Another effective way to keep track of portions is to keep a food diary. By keeping a good record of how much, what, when, where and why you eat, you can help yourself become more aware of the amount of food that you’re eating and when you tend to eat too much. Through your diary, you can become aware of the times and reasons that you eat too much which may help you try to make different choices in the future. You can keep your food diary in a notebook, on your cell phone or at a myriad of online trackers. Don’t worry- you do not need to measure and count every little thing you eat for the rest of your life, just long enough to decipher patterns and recognize typical serving sizes.

Here are some additional ideas from the Weight Control Information Network to help you control portion sizes at home:

  • Take the amount of food that is equal to one serving, according to the Nutrition Facts, and eat it off a plate instead of eating straight out of a large box or bag.
  • Avoid eating in front of the TV or while busy with other activities. Pay attention to what you are eating, chew your food well and fully enjoy the smell and taste of your foods.
  • Eat slowly so your brain can get the message that your stomach is full.
  • Try using smaller dishes, bowls, and glasses. This way, when you fill up your plate or glass, you will be eating and drinking less.
  • To control your intake of the higher-fat, higher-calorie parts of a meal, of vegetables and salads (watch the toppings) instead of desserts and dishes with heavy sauces.
  • When cooking in large batches, freeze food that you will not serve right away. This way, you will not be tempted to finish eating the whole batch before the food goes bad. And you will have ready-made food for another day. Freeze leftovers in amounts that you can use for a single serving or for a family meal another day.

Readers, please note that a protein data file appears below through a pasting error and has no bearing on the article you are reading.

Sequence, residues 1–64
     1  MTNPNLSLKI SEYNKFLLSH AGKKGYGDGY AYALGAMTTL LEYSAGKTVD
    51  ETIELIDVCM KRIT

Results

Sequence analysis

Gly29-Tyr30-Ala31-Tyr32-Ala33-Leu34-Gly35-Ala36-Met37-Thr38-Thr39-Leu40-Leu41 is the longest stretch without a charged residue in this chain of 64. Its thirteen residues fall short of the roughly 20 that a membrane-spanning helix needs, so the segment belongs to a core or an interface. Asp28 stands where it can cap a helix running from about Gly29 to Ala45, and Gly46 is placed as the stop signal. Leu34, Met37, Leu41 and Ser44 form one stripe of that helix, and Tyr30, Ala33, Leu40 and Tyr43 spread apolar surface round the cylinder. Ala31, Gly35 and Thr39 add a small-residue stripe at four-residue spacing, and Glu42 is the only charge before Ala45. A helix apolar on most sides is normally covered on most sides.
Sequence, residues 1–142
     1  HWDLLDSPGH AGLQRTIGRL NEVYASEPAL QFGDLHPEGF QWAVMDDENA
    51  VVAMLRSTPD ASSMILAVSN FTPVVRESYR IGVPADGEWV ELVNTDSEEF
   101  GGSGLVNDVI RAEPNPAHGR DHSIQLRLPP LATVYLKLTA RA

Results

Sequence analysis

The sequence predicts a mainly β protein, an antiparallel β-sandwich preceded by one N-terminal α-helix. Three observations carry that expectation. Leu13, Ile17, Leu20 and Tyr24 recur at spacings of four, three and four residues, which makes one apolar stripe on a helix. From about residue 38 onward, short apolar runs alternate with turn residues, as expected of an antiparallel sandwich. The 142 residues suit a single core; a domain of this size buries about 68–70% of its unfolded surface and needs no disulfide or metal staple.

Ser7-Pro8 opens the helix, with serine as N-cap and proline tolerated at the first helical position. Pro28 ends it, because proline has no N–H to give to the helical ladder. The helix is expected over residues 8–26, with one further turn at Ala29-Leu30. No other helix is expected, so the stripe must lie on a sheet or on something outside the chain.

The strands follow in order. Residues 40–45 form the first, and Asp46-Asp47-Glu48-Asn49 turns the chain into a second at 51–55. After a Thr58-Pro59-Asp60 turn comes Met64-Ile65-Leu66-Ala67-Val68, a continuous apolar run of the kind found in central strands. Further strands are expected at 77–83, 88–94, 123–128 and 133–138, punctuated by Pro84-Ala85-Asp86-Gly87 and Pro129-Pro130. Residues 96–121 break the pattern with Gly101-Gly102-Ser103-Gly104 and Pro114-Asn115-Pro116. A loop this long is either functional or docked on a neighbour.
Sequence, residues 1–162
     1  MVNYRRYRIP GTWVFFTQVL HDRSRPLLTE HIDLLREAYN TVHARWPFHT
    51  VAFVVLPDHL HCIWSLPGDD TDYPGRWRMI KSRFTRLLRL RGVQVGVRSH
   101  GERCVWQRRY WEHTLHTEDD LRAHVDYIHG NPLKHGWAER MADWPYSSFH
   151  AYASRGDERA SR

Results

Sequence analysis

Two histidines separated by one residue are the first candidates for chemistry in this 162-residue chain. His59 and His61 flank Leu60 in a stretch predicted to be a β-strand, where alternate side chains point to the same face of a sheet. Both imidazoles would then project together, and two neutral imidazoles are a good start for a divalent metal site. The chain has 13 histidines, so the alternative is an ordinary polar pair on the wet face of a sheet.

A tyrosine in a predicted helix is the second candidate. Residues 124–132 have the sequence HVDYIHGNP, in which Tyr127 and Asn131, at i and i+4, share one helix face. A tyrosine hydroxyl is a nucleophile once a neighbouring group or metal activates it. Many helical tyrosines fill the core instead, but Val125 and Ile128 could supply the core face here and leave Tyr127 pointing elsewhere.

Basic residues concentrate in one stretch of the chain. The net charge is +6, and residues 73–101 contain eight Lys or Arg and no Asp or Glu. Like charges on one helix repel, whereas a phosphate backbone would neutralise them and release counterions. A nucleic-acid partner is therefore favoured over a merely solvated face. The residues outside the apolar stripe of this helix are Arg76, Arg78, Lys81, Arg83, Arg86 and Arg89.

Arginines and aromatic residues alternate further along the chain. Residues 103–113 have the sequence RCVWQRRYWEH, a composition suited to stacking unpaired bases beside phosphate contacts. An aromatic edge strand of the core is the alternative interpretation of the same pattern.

• Try to eat meals at regular intervals. Skipping meals or leaving large gaps of time between meals may lead you to eat larger amounts of food the next time that you eat.
  • When buying snacks, go for single-serving prepackaged items and foods that are lower-calorie options. If you buy larger bags or boxes of snacks, divide the items into single-serve packages.
  • Make snacks count. Eating many high-calorie snacks throughout the day may lead to weight gain. Replace snacks like chips and soda with snacks such as low-fat or fat-free yogurt, smoothies, fruit, or whole-grain crackers.
  • When you do have a treat like chips or ice cream, measure out 1/2 cup of ice cream or 1 ounce of chips, as indicated by the Nutrition Facts, eat it slowly, and enjoy it!

It’s often more difficult to eat a healthy meal when going out to eat. Research shows that the more often a person eats out, the more body fat he or she has. When possible try to prepare more meals at home that way you have control over what and how much you are eating. Eat out and get take-out less often. But when you do eat away from home, below are some tips for controlling portions:

  • Share your meal, order a half-portion, or order an appetizer as a main meal. Examples of healthier appetizers include tuna or chicken salad, minestrone soup, and tomato or corn salsas.
  • Take at least half of your meal home. Ask for a portion of your meal to be boxed up when it is served so you will not be tempted to eat more than you need.
  • Stop eating when you begin to feel full. Focus on enjoying the setting and your friends or family for the rest of the meal.
  • Avoid large beverages such as “supersize” sugar-sweetened soft drinks. They have a large number of calories. Instead, try drinking water with a slice of lemon. If you want to drink soda, choose a calorie-free beverage or a small sugar-sweetened soft drink.

The amount of calories you eat ultimately affects your weight and your overall health. In addition to selecting a healthy variety of foods, look at the size of the portions you eat. By choosing nutritious foods and keeping portion sizes sensible you will better be able to control and stay at a healthy weight.